“Do you bid me,” you say, “shun the throng, and withdraw from men, and be content with my own conscience? Where are the counsels of your school, which order a man to die in the midst of active work?” As to the course1 which I seem to you to be urging on you now and then, my object in shutting myself up and locking the door is to be able to help a greater number. I never spend a day in idleness; I appropriate even a part of the night for study. I do not allow time for sleep but yield to it when I must, and when my eyes are wearied with waking and ready to fall shut, I keep them at their task.
I have withdrawn not only from men, but from affairs, especially from my own affairs; I am working for later generations, writing down some ideas that may be of assistance to them. There are certain wholesome counsels, which may be compared to prescriptions of useful drugs; these I am putting into writing; for I have found them helpful in ministering to my own sores, which, if not wholly cured, have at any rate ceased to spread.
I point other men to the right path, which I have found late in life, when wearied with wandering. I cry out to them: “Avoid whatever pleases the throng: avoid the gifts of Chance! Halt before every good which Chance brings to you, in a spirit of doubt and fear; for it is the dumb animals and fish that are deceived by tempting hopes. Do you call these things the ‘gifts’ of Fortune? They are snares. And any man among you who wishes to live a life of safety will avoid, to the utmost of his power, these limed twigs of her favour, by which we mortals, most wretched in this respect also, are deceived; for we think that we hold them in our grasp, but they hold us in theirs.
Such a career leads us into precipitous ways, and life on such heights ends in a fall. Moreover, we cannot even stand up against prosperity when she begins to drive us to leeward; nor can we go down, either, ‘with the ship at least on her course,’ or once for all;2 Fortune does not capsize us—she plunges our bows under3 and dashes us on the rocks.
“Hold fast, then, to this sound and wholesome rule of life—that you indulge the body only so far as is needful for good health. The body should be treated more rigorously, that it may not be disobedient to the mind. Eat merely to relieve your hunger; drink merely to quench your thirst; dress merely to keep out the cold; house yourself merely as a protection against personal discomfort. It matters little whether the house be built of turf, or of variously coloured imported marble; understand that a man is sheltered just as well by a thatch as by a roof of gold. Despise everything that useless toil creates as an ornament and an object of beauty. And reflect that nothing except the soul is worthy of wonder; for to the soul, if it be great, naught is great.”4
When I commune in such terms with myself and with future generations, do you not think that I am doing more good than when I appear as counsel in court, or stamp my seal upon a will, or lend my assistance in the senate, by word or action, to a candidate? Believe me, those who seem to be busied with nothing are busied with the greater tasks; they are dealing at the same time with things mortal and things immortal.
But I must stop, and pay my customary contribution, to balance this letter. The payment shall not be made from my own property; for I am still conning Epicurus.5 I read today, in his works, the following sentence: “If you would enjoy real freedom, you must be the slave of Philosophy.” The man who submits and surrenders himself to her is not kept waiting; he is emancipated6 on the spot. For the very service of Philosophy is freedom.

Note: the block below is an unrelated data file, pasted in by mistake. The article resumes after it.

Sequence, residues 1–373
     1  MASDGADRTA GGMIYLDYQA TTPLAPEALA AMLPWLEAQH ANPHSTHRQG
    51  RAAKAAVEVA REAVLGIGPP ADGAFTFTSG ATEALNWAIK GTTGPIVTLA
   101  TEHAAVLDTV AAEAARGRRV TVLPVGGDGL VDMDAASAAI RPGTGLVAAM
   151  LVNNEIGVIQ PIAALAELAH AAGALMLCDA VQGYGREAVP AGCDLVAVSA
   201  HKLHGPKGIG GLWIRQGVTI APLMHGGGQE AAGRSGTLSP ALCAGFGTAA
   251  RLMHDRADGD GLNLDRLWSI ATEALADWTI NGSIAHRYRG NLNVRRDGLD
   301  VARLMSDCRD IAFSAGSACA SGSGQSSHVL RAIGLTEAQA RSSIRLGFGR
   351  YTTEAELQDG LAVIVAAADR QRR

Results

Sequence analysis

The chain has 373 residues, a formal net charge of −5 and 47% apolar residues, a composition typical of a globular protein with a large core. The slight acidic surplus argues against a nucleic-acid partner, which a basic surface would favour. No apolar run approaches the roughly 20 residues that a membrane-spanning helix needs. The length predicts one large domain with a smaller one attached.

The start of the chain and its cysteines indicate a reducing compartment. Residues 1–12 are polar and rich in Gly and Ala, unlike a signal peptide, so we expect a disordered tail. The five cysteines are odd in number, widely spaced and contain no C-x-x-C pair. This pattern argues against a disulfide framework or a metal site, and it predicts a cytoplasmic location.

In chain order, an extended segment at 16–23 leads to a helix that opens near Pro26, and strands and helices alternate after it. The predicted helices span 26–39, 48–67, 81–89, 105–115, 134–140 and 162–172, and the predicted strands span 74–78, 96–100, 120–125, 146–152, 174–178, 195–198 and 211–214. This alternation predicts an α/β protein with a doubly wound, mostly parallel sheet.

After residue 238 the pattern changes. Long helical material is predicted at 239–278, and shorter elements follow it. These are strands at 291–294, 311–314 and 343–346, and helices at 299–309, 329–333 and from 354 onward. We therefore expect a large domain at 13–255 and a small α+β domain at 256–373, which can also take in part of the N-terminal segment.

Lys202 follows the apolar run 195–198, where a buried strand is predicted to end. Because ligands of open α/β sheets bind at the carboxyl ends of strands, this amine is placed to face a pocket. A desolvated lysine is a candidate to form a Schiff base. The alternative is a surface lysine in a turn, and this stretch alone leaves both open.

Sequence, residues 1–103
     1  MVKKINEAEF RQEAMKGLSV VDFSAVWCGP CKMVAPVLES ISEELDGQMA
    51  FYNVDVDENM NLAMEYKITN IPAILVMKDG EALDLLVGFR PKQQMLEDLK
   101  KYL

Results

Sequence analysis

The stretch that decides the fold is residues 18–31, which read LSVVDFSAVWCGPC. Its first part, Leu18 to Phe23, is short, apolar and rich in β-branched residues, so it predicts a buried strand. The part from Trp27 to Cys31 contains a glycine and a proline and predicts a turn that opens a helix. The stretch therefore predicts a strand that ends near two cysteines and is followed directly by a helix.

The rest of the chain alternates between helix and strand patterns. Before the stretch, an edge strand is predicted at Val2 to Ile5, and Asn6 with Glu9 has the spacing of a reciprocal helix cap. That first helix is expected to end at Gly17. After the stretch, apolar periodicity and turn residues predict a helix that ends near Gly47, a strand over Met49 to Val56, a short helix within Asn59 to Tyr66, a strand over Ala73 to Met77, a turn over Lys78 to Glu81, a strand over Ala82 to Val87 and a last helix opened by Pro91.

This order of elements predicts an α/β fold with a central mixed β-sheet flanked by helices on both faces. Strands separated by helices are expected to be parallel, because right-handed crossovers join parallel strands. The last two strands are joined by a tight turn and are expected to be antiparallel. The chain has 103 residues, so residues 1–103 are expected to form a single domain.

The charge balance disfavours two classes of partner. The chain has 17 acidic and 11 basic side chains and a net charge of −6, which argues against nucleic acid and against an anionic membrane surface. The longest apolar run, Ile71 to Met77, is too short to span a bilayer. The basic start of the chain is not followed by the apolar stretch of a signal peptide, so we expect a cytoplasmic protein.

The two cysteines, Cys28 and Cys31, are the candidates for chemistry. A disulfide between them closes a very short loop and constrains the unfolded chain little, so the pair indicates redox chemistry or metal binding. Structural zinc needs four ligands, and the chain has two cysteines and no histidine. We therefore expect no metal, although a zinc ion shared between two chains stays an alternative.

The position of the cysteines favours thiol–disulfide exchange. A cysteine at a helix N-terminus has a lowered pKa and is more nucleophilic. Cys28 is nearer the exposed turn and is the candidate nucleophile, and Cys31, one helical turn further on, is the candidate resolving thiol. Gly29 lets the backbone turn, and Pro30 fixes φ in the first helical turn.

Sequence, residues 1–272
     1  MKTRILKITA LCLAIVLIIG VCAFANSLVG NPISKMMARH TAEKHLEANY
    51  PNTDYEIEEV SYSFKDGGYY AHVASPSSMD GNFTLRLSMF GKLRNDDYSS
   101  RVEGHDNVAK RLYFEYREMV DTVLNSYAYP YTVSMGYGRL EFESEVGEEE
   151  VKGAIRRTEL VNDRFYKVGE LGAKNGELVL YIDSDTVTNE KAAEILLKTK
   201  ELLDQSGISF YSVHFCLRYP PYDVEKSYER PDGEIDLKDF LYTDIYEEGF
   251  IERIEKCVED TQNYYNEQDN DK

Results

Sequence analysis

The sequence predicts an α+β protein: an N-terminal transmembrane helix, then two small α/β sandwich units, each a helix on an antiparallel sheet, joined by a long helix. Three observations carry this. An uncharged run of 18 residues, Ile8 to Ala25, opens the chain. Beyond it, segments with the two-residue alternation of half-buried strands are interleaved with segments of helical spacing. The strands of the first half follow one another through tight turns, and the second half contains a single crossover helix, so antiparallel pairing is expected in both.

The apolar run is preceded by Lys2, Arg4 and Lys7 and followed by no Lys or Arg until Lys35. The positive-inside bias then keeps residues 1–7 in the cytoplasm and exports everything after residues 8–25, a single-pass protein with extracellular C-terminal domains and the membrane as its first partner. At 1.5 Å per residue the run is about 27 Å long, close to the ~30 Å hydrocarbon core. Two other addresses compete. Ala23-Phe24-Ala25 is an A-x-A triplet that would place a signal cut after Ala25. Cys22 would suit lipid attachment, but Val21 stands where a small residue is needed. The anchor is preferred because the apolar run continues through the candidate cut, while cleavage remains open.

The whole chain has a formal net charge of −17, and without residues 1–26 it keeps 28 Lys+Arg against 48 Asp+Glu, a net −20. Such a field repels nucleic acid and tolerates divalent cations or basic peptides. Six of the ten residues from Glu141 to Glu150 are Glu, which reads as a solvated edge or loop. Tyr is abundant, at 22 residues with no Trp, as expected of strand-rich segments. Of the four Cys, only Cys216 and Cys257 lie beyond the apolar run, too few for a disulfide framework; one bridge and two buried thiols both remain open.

It is likely that you will ask me why I quote so many of Epicurus’s noble words instead of words taken from our own school. But is there any reason why you should regard them as sayings of Epicurus and not common property? How many poets give forth ideas that have been uttered, or may be uttered, by philosophers! I need not touch upon the tragedians and our writers of national drama;7 for these last are also somewhat serious, and stand halfway between comedy and tragedy. What a quantity of sagacious verses lie buried in the mime! How many of Publilius’s lines are worthy of being spoken by buskin-clad actors, as well as by wearers of the slipper!8
I shall quote one verse of his, which concerns philosophy, and particularly that phase of it which we were discussing a moment ago, wherein he says that the gifts of Chance are not to be regarded as part of our possessions:
Still alien is whatever you have gained. By coveting.9
I recall that you yourself expressed this idea much more happily and concisely:
What Chance has made yours is not really yours.10
And a third, spoken by you still more happily, shall not be omitted:
The good that could be given, can be removed.11
I shall not charge this up to the expense account, because I have given it to you from your own stock.
# Footnotes ↑
- As contrasted with the general Stoic doctrine of taking part in the world’s work. ↩
- See Ep. lxxxv. 33 for the famous saying of the Rhodian pilot. ↩
- cernulat, equivalent to Greek ἀναχαιτίζω, of a horse which throws a rider over its head. ↩
- Cf. the Stoic precept nil admirandum. ↩
- Frag. 199 Usener. ↩
- Literally “spun around” by the master and dismissed to freedom. Cf. Persius, v. 75f. ↩
- Fabulae togatae were plays which dealt with Roman subject matter, as contrasted with adaptations from the Greek, called palliatae. The term, in the widest sense includes both comedy and tragedy. ↩
- i.e., comedians or mimes. ↩
- Syri Sententiae, p. 309 Ribbeck2. ↩
- Com. Rom. Frag. p. 394 Ribbeck2. ↩
- ibidem. ↩